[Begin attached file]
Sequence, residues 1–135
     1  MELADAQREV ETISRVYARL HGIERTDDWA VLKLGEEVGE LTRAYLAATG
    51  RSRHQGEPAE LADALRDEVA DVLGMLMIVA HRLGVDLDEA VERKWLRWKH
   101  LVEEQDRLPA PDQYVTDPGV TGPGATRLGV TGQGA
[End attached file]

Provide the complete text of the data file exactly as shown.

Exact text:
Sequence, residues 1–135
     1  MELADAQREV ETISRVYARL HGIERTDDWA VLKLGEEVGE LTRAYLAATG
    51  RSRHQGEPAE LADALRDEVA DVLGMLMIVA HRLGVDLDEA VERKWLRWKH
   101  LVEEQDRLPA PDQYVTDPGV TGPGATRLGV TGQGA